Dean Jones 5:30
And I think that's the real power of values is, I have the opportunity to really be an expression of that value in the world, right. We have the opportunity, and when you, from knowing your values, you have the opportunity really to be used by them. And so you become the expression of that, so that there's an element of understanding your values and knowing your values, where I think people kind of touch the eternal, you know, and so it's this opportunity to get connected into that which is transcendent. And I think that's part of the real power of values where people experience it.
Dean Jones 6:04
One of the things that, and I guess "Why now?" is, I think that we're in a time when people are, everything's been disrupted. So I think it's a good time to have a conversation about values. Because I think that, during this time, when -- helping people, our normal kind of patterns or the way we live has been disrupted. So it's a time to get reconnected with our values. When we know our values and we're living consistent with our values, we have this kind of natural sense of alignment or integrity. When we're not operating consistent with our values, there's this, there's this feeling like we're out of sorts, right? I also think, by the way, that's a good indicator, Hey, look, I'm, that's a, that, you know, like I always pay attention to that, that feeling when I'm sort of feeling out of sorts, or feeling hollow or unfulfilled or dislocated, that, that it's an opportunity for me to say, Hey, what are my, you know, I need to drill into what is this, and where am I operating out of sync with my values?
Dean Jones 7:10
But the, the, the usefulness of values, or the value of values, is that they help ground us. They help us to be able to deal with the swirl and the noise that are all around us. And I think during this time, this is really a time when people need that; they need to get grounded. I was reading this morning about people, you know, some of the things people have been dealing with throughout the pandemic -- people -- job loss and huge financial issues and childcare issues. And dealing with sickness and mental health is a huge thing. And so, you know, in the midst of all that, I think getting connected, that really helps us to feel more grounded, helps us to feel like we -- we're more in control and helps us to make the right kind of decisions. So --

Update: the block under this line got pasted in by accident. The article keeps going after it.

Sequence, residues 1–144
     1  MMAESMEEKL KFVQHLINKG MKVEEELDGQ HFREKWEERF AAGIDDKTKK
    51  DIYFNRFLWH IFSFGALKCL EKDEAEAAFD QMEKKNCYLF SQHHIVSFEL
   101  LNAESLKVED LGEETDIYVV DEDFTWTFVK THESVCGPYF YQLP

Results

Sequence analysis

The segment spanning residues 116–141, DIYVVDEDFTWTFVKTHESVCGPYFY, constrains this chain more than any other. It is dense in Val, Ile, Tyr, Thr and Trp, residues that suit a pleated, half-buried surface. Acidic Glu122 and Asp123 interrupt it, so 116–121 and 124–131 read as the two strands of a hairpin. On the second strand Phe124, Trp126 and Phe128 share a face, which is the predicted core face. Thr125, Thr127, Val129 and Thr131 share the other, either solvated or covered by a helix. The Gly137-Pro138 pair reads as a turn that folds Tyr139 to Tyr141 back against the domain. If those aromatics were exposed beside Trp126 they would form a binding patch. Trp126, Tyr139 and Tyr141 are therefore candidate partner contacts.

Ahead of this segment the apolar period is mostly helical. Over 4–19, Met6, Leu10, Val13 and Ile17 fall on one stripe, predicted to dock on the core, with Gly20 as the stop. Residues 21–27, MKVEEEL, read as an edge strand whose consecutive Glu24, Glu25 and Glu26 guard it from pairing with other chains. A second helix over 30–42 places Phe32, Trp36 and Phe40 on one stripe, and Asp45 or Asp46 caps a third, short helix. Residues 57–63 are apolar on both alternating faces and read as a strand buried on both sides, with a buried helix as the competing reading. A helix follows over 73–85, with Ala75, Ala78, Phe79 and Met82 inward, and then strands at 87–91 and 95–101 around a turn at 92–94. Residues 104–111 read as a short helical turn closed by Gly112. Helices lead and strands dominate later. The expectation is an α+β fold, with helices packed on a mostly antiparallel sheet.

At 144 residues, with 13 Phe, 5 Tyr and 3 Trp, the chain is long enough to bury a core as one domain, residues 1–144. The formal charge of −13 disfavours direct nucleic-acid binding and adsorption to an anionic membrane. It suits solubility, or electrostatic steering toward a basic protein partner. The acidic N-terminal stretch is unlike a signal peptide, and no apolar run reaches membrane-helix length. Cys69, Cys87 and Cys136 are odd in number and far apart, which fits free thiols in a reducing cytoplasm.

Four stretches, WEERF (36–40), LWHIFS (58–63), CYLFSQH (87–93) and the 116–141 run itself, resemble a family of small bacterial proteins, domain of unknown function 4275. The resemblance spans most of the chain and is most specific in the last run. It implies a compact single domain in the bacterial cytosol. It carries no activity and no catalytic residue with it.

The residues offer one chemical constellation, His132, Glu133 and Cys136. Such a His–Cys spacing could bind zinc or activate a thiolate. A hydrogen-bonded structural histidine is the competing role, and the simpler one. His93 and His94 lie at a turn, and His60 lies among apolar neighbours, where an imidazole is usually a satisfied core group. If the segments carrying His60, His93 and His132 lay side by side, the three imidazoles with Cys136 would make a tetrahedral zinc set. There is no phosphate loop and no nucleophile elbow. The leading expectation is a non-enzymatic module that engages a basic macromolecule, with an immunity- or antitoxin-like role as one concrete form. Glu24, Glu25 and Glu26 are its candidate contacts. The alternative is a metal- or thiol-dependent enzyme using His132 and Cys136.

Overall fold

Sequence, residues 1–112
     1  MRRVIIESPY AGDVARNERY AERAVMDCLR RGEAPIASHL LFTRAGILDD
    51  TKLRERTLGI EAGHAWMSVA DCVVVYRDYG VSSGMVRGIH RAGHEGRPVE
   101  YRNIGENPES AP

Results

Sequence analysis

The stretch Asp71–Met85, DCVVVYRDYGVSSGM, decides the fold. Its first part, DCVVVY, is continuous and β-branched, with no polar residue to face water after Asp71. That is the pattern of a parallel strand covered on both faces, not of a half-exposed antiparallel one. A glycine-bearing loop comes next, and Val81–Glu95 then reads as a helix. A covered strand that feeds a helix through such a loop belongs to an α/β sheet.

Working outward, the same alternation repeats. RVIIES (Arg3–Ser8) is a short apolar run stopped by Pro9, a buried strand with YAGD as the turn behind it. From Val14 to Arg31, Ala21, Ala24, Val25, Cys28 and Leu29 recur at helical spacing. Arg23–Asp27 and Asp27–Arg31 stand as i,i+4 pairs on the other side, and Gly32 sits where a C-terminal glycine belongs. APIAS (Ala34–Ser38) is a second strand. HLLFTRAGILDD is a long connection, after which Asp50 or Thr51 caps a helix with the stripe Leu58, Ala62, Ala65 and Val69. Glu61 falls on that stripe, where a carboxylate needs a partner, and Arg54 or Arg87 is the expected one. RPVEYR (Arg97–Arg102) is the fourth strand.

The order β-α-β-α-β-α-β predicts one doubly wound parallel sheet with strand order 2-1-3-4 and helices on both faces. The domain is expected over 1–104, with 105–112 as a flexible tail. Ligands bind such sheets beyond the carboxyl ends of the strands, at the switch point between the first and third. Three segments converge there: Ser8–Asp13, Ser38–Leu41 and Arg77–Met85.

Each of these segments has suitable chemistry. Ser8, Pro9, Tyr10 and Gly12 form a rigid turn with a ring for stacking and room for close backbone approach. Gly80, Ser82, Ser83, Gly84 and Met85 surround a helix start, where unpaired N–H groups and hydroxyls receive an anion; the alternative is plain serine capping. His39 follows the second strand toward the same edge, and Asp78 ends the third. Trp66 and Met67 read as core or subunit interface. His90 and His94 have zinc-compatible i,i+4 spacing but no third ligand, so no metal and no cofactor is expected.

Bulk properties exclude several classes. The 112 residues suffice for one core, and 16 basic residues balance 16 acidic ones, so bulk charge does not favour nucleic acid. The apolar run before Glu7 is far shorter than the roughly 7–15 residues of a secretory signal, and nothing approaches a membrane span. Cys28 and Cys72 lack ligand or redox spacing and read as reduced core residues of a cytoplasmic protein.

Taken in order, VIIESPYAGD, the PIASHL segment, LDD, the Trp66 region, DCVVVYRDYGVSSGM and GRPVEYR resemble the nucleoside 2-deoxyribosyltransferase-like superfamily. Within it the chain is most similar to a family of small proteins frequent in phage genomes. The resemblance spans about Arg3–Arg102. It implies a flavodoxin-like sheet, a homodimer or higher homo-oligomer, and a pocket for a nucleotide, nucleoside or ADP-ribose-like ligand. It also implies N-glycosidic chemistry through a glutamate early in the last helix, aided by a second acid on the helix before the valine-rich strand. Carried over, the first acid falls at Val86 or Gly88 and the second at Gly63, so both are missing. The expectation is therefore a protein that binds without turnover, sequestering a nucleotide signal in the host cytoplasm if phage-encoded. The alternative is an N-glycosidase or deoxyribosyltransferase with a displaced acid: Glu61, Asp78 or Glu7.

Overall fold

Jim Collison 7:55
Dean, can, can values be situational? I mean, can they change and flow with us, just kind of based on what's happening around us? Whether it's in a pandemic or different times of our lives, maybe they become more important and less important? Can you talk a little bit about that?
Dean Jones 8:10
Yeah, no, I think that's great. I, and I think it kind of comes to the heading of How do you discover your values or how do you get connected to your values, right? Because I think for a lot of people, it's like, well, you know, like -- it's interesting, I was doing work with this group at Gallup and super bright, talented group. And it was really interesting, like, we started doing the work. And the more we were doing the work around it and they were discovering their values, you could see kind of light bulbs going on, right? Like it was like, "Oh, yeah, I always wondered kind of why I was wired that way. And this -- all of a sudden, it kind of, it goes "clunk"; it makes sense for me. Right?
Dean Jones 8:43